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Baltimore Innovation Week Tackles Women In/Tech

Panelists speak at the Women In/Tech event. Photo credit to Baltimore Innovation Week.
Panelists speak at the Women In/Tech event. Photo credit to Baltimore Innovation Week.

By: Amber Reumont

On Monday, September 15th, Baltimore Innovation Week hosted its second annual Women In/Tech conference. The event brought together women of diverse backgrounds to network and discuss issues currently impacting women in the technology world. A recurrent topic discussed at many of the panels was the massive disparity between men and women working in technological jobs. Not only do technology firms lack women, but they also lack racial and ethnic diversity. This creates a problem for women and minorities as well as the technology firms themselves. As noted at the conference, the lack of diversity within these companies may inhibit their abilities to continue developing creatively. Thinkers with diverse backgrounds foster the growth of diverse ideas.

The Growing the Pipeline panel focused on strategies to encourage women to pursue technology careers and ensure firms seek female employees. Women make up a minor 17 percent of tech employees at Google and a miniscule 10 percent at Twitter. A major facet of the diversity problem in technology careers is the lack of education and the lack of role models. Because women and minorities often cannot relate to the figureheads they see in technology fields, they are discouraged. Additionally, a lack of role models may lead women to feel they are unable to pursue such career paths. Gwynne Shotwell, President and Chief Operating Officer of SpaceX, exemplifies the importance of having female role models in technology jobs because her decision to pursue an education in engineering was entirely influenced by her encounter with a well-dressed, feminine engineer, a woman with whom she felt a connection. Relatable role models allow us to envision ourselves in their position, and they boost our confidence in our abilities.

While role models are integral to women’s participation in technology, education is the necessary first step that must be taken to make such fields accessible. Although women make up 48 percent of the workforce, they account for merely 24 percent of STEM workers. Improving education at the high school level by providing updated information and one-on-one mentorship could encourage young girls to pursue STEM majors when they reach the college level. Growing the Pipeline panelists emphasized the importance of mentorship, through after-school clubs and professional development for current teachers. High school level computer science education is either nonexistent or inadequate. Additionally, developing women’s interest in technology fields could be achieved by showing students the widespread use of computer science skills across various fields of interest such as education and healthcare. Creating a foundation of interest for students, particularly women and minorities, can grow the diversity of technology enterprises.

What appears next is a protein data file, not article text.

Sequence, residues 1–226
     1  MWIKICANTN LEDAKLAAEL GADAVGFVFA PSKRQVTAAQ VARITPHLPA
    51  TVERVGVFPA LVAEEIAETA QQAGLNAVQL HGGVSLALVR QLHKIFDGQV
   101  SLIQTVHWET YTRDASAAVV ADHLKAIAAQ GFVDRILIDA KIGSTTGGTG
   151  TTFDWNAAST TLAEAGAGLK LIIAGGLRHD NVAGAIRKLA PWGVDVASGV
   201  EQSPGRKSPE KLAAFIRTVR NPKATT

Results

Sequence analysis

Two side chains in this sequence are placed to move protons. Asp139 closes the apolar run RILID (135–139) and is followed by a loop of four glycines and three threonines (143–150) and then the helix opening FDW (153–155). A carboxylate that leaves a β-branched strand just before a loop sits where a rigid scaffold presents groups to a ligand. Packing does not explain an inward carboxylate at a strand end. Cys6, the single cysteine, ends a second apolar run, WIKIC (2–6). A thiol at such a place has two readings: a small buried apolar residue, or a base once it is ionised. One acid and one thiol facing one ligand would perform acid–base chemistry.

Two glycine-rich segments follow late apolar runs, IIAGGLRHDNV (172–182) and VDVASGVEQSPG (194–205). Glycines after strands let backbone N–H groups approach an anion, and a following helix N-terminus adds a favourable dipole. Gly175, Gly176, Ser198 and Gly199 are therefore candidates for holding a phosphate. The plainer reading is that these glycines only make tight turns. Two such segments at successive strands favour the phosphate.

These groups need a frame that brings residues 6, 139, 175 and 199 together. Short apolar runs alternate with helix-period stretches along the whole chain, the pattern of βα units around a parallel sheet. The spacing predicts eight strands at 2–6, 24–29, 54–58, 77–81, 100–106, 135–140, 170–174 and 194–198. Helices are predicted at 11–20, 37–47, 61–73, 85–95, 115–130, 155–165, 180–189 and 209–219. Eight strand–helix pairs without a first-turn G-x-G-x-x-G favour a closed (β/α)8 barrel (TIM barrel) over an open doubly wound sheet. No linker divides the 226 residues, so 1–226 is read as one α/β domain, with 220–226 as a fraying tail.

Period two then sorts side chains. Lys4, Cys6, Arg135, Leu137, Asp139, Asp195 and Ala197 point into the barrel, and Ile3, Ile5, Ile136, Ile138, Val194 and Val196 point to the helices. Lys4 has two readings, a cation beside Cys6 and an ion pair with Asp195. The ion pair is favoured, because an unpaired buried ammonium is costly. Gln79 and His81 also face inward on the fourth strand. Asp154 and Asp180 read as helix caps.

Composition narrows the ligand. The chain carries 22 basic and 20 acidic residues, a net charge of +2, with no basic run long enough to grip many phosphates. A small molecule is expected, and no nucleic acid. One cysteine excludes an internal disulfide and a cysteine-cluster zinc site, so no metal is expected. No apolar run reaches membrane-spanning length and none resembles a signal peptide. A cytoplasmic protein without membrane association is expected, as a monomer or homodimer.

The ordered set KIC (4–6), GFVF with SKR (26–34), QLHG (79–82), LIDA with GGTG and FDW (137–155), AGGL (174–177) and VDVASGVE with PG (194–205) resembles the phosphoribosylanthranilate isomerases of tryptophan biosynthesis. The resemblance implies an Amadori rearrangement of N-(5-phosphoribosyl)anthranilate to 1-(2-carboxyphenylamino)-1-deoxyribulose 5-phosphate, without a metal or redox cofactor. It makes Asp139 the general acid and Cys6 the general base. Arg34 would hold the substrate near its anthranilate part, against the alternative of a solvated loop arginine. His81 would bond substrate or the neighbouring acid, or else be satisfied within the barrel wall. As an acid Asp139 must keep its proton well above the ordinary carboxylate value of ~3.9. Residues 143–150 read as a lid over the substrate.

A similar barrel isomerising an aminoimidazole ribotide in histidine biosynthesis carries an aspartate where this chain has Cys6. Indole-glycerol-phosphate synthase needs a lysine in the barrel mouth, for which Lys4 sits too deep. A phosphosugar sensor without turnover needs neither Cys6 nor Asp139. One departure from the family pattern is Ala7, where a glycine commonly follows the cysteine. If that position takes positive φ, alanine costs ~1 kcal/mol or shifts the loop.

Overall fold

On the other hand, the Seat at the Table panel emphasized the need for a cultural shift. Women and men both must change the way they perceive women as professionals and as individuals to ensure equal opportunity in the future. Women often fall victim to self-criticism and modesty, thereby limiting their opportunities to grow their network and their skills. According to Katty Kay and Claire Shipman, authors of The Confidence Code, “Compared with men, women don’t consider themselves as ready for promotions, they predict they’ll do worse on tests, and they generally underestimate their abilities.” Therefore, confidence is a massive hindrance standing in the way of women’s success. The panelists noted that women are not only less likely to pursue opportunities due to a lack of confidence, but they are also holding themselves to unattainable standards; women feel the pressure to ‘have it all.’

Women are attending college at a higher rate than men, yet their wage-earning abilities lag behind because they enter lower-paying jobs, pursue fewer advancement opportunities, and often leave the workforce temporarily to devote time to parenting. Fostering the growth of women in technology fields will not only provide a diverse workforce with creative ideas, but it will also improve the earning ability of women. Developing this interest in technology must begin during grade school to develop rudimentary skills and teach female students that such skills are applicable to a wide range of their interests. From graphic design to education technology to app development, technology now plays a role in every industry, and women must take part.

Women interested in growing their technological capabilities can visit:



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